Amleth is our “hero” but we watch him slaughter people who have done absolutely nothing to him, and we watch his compatriots burning children alive and capturing innocent villagers to be sold into slavery. Even once he goes on his revenge mission, it’s a messy process that involves him killing innocent people who themselves would have a great case for revenge against him.
There’s a great line by Fjölnir in which he explains to his son the importance of them doing physical work from time to time. He explains that in addition to demonstrating to slaves that the master isn’t weak, it also serves a reminder that they themselves could be slaves if they were ever raided and defeated. It touches as the unstable mobility of that society where even the royal and well off are only one lost war away from being slaves.
Much like HBO’s Rome, The Northman never tries to give its 10th century characters modern day values. But at the same time, it never tries to “sanitize” the history excluding the atrocities that were so common back then. It merely presents medieval society as it was, horrors and all. Between that and the movie’s excessive violence and gore, it’s definitely not for the faint of heart!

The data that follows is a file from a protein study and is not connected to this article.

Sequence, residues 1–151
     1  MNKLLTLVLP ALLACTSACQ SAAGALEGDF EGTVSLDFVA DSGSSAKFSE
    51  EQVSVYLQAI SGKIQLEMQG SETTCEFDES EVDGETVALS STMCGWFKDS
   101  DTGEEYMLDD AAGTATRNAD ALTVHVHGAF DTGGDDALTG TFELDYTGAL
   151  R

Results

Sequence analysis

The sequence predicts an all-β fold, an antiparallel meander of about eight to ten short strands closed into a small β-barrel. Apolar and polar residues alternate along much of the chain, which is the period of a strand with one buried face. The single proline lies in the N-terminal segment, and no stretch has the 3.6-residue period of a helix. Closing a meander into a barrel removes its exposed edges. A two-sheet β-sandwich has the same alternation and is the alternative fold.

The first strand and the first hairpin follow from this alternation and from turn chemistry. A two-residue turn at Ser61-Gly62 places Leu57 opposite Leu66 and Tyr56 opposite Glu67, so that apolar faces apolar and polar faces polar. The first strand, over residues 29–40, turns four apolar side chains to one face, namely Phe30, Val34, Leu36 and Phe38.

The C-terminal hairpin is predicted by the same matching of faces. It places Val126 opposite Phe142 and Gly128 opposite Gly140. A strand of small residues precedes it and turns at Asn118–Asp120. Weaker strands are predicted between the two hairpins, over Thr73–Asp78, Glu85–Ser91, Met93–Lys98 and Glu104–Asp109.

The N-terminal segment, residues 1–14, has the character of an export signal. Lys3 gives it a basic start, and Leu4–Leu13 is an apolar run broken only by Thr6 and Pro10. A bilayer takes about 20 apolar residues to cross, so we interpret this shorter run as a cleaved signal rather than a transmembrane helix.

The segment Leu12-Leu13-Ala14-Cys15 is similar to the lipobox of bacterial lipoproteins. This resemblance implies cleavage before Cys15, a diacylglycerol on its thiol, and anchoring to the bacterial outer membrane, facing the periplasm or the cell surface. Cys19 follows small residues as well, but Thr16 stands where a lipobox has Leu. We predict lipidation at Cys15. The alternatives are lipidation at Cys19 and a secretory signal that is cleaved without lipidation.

Ultimately, what makes this movie fascinating is that it’s not really meant for a modern audience. It’s a mythological epic that would be the same kind of story parents would tell their children in medieval Scandinavia. Many of the characters are directly pulled from Norse mythology. Amleth himself is the original inspiration for Shakespeare’s “Hamlet”. So in a weird way, The Northman is an adaptation of “Hamlet” but it actually predates it.
And aside from a few dreamlike sequences, the movie feels very grounded and realistic. The more supernatural, mythical aspects are kept on the fringe. Amleth has visions, he sees himself being carried by a Valkyrie, he speaks to Willem Dafoe’s severed head (as you do), but you could also chalk these all up to dream sequences, or they might be really happening and this has all been fantasy. That’s the very nature of myths, and it’s what Robert Eggers meant when he said he wanted to make the Viking movie.
Modern audiences can look at Amleth and criticize his revenge plan and how many other people die as a result, but the story isn’t being told for modern day values, it’s being told with the same values that 10th century Nordic people would have had. It’s by no means a morality tale, rather it speaks to what was important to them at that time.
The Northman is every bit as brutal, violent, and intense as you’d expect a historically accurate Viking story to be. It challenges its audience, presents a fascinating story, and toes the line perfectly between historical realism and myth/fantasy. It’s truly a movie worthy of Valhalla!
What did you think of The Northman? How did you like it compared to The Witch and The Lighthouse? Let us know in the comments!